If you believe your partner is planning to flee with your children, you need to ensure that you receive the best possible advice about your rights as a parent with regard to cross-border child movements.
Poor advice might fail to recognize the significance of the first few hours in child custody cases, or the complications of cross-border separations. When applying to have the children brought back to their natural residence, a court could rule that the time delay was too great and no action could be taken.
Don’t try to flee a divorce abroad
Whatever you do, don’t try and take matters into your own hands and flee with your children. Returning to your home country with your children against your partner’s wishes can have a detrimental effect, possibly resulting in the courts requiring the children to return to the country they were living in before.
Residence orders don’t restrict movement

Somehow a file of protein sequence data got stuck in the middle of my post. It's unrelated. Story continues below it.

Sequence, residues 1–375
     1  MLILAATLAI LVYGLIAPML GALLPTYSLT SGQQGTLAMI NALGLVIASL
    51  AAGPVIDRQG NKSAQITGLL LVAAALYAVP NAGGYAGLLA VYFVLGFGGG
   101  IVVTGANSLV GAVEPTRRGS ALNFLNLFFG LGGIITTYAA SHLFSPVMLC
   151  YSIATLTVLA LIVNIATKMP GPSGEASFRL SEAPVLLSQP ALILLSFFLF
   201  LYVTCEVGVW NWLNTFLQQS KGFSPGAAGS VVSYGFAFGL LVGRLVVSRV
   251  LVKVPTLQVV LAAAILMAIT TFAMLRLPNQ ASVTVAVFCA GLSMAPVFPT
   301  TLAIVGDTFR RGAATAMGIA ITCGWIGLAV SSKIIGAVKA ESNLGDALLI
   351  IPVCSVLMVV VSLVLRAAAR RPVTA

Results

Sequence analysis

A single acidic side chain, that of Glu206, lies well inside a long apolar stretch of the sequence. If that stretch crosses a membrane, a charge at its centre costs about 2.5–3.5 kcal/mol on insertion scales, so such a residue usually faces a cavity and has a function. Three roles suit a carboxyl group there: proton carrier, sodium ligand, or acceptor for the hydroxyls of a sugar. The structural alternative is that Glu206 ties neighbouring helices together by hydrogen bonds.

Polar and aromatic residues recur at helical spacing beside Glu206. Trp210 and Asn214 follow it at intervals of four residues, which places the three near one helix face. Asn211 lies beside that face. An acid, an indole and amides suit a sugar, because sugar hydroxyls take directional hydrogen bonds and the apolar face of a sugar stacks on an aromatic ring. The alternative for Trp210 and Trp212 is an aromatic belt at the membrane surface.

Acquiring a residence order in the country that you live in doesn’t prevent the other partner from taking a child home after a divorce abroad. International laws are complex and apply to different countries in different ways. Ensure that you seek advice early to avoid lengthy, complicated custody proceedings.
Secure your assets
Your children are your first priority; however, you mustn’t forget that it’s in their interest for you to secure your own future. Securing assets is especially important if your liquid assets are held in joint accounts; it may be some time before you’re in a position to sell property or company shares. In the meantime, you’ll need to pay your way. If possible, ensure that your spouse doesn’t have sole access to your assets.